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Posts Tagged ‘Wholly Other’

It can be a challenging task to connect faith and culture in a way which respects both. By no means do I wish to hide from the rich experiences of culture, but I become uneasy when faith is swept away with the current. In recent years, Hollywood has become profoundly aware that Evangelicals are a huge market. While it may be affirming to see movies produced in consultation with people of faith such as The Prince of Egypt complete with discussion notes, a definite line was crossed when the same was done for Man of Steel.

Don’t get me wrong. I like Superman. No, I haven’t seen the movie yet, though I will. However, the specific content of this particular movie is irrelevant.

Marketing “God in a Box”

We, as Christians, are sometimes our own worst enemies when we forget who we are. In our zeal to witness to others about God, we often serve the gods of culture–in this case marketing. I am mindful of a friend who once became so frustrated with this phenomenon that he wrote out four full verses under the title “They Will Know We Are Christians By Our Fish” using the tune from a similarly named hymn.

My biggest concern here is that every attempt was made to create analogies between Superman and Jesus. While this is not a new idea, the effort reached a crescendo as language in the trailer and the film itself were crafted carefully to appeal to Evangelical ears. Images are powerful and, even in the face of reasoned contrasts, confuse our view of God greatly. Following are some key problems with making any comparison at all. (more…)

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In my third year of InterVarsity staff, the New York / New Jersey region required all new staff to finish their three-year training by developing a thesis of sorts. This study would then be the basis of a specialty for speaking to students on campus. Most picked typical themes for a general college audience such as multi-ethnicity, social justice, and gender roles. The work of my colleagues represented everything that made me proud to be part of InterVarsity.

Given my background in science, I thought it important to use my experience to further discussion of these issues. Dr. Sagan’s basic premise for critical thinking and how we learn was outlined in Demon Haunted World as being “wonder” and “skepticism”. This epistemolgy (how we know what is true) was deliberately meant to image “chance” and “necessity” as basic to his evolutionary understanding of science and the nature of the “Cosmos”.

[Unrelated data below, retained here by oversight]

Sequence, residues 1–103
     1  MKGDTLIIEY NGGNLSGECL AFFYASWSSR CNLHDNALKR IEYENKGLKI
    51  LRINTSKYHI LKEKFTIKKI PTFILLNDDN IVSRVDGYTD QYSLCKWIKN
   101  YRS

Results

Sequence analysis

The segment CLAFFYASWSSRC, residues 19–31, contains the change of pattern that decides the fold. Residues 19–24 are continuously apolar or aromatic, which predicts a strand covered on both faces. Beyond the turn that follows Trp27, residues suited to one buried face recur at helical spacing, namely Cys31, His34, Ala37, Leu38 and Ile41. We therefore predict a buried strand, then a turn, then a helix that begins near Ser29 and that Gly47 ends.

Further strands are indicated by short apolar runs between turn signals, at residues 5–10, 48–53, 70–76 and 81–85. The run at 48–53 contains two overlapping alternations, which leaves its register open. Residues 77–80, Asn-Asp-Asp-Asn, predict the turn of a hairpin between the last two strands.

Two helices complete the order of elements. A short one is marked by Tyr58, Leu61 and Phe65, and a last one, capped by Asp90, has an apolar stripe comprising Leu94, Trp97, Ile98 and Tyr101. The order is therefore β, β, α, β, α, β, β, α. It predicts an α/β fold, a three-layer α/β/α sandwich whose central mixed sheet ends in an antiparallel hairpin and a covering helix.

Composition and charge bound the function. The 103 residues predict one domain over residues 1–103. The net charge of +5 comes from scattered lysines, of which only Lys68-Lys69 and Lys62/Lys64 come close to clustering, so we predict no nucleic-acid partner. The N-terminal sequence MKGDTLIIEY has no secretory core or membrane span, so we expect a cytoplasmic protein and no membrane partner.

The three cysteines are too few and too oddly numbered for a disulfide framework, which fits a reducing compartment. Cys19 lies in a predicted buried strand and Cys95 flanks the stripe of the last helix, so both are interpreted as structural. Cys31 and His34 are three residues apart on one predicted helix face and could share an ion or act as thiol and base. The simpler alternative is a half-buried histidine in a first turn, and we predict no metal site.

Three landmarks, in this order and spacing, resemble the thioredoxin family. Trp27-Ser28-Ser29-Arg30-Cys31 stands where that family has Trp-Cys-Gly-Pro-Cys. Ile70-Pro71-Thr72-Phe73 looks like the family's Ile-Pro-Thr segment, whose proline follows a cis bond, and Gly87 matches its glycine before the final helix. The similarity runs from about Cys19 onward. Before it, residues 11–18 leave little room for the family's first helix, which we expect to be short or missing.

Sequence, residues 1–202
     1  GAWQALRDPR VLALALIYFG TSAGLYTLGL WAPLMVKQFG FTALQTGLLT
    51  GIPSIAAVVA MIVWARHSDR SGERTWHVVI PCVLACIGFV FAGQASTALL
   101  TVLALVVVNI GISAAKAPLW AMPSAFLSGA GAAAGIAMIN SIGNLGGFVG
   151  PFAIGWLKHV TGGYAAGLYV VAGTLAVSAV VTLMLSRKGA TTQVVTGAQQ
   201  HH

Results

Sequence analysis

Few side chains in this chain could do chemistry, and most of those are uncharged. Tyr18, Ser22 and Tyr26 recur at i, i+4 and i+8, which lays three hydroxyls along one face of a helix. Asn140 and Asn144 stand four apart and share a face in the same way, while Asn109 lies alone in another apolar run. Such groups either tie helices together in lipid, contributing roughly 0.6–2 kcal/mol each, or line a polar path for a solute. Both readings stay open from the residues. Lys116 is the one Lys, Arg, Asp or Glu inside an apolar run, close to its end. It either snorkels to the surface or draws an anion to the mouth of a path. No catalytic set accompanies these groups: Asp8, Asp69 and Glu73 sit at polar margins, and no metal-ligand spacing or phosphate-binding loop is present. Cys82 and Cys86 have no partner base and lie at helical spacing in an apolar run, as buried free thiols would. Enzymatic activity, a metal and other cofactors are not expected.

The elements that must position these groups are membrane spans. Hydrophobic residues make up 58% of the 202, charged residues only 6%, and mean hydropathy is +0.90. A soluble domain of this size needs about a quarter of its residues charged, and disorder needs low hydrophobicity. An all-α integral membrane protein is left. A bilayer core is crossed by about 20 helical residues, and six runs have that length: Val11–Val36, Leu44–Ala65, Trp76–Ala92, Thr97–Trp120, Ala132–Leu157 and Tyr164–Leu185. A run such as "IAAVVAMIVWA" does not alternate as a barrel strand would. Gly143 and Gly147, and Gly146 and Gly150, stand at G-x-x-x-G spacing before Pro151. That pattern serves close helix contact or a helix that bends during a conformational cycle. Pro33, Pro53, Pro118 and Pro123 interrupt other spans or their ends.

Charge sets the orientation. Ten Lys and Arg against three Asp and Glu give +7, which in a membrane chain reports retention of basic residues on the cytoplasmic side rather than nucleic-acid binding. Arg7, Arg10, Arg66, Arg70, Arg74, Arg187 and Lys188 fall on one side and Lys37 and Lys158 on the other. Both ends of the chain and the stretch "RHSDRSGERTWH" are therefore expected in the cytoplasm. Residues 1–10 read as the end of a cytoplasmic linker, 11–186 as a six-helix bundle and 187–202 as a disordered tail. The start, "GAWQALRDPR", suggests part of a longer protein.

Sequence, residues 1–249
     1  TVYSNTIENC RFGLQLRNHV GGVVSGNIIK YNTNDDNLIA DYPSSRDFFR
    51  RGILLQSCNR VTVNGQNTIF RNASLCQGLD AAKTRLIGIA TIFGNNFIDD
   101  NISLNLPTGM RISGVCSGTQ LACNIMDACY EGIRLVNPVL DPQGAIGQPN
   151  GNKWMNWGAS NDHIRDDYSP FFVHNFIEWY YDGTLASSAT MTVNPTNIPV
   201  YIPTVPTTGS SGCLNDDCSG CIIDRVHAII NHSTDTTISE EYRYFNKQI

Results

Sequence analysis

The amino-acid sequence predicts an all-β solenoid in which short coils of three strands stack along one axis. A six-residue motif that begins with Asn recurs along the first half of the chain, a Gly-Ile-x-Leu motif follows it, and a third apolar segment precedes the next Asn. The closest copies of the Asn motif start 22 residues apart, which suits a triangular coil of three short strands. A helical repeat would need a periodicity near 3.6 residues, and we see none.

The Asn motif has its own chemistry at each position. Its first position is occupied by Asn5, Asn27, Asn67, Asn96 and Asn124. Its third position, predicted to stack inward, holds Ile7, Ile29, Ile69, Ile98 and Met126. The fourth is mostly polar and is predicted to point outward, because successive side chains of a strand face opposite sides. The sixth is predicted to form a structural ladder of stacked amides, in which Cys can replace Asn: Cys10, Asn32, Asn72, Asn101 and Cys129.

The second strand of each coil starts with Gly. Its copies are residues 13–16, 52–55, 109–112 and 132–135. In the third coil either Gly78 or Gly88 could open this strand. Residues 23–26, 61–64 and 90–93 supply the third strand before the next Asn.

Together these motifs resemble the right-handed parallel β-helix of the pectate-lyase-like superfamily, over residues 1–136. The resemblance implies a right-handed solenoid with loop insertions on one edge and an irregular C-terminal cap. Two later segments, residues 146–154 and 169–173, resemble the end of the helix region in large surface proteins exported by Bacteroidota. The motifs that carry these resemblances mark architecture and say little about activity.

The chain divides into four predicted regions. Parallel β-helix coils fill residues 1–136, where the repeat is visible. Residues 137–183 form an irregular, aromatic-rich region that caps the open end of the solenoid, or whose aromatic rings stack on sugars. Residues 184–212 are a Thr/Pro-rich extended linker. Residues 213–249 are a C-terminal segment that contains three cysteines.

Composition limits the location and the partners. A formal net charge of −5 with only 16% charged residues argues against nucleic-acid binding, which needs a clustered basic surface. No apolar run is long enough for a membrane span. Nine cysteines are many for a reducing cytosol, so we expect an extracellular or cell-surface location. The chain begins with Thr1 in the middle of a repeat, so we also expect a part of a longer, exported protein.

Previously, I had read dozens of books across the spectrum of Christian understanding. It was a tortuous process in which I rejected view after view for various reasons. Finally, through this project, I would find a theologian who made sense of the science and faith chaos for me. But more on that in a moment… (more…)

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In Section 25 of Karl Barth’s Church Dogmatics, we looked at the fulfillment of the knowledge of God. Here in Section 26, Barth delves into what it means for God to be knowable.

“The possibility of the knowledge of God springs from God, in that He is Himself the truth and He gives Himself to man in His Word by the Holy Spirit to be known as the truth. It springs from man, in that, in the Son of God by the Holy Spirit, he becomes an object of the divine good-pleasure and therefore participates in the truth of God.” –Karl Barth (CD II.1, p.63)

In large part, his target is to discredit natural theology as a means to knowing God from every direction he can imagine. Barth will settle for nothing outside God’s own gracious self-revelation as the only means to knowing God. Later, we will see why he is so insistent on this stance, but for now we will review his argument at face value.

Without God, there is no revelation. It is an act of grace or good will toward humanity that he reveals Himself at all. There is no necessity that He do so, but He chooses to do so. (more…)

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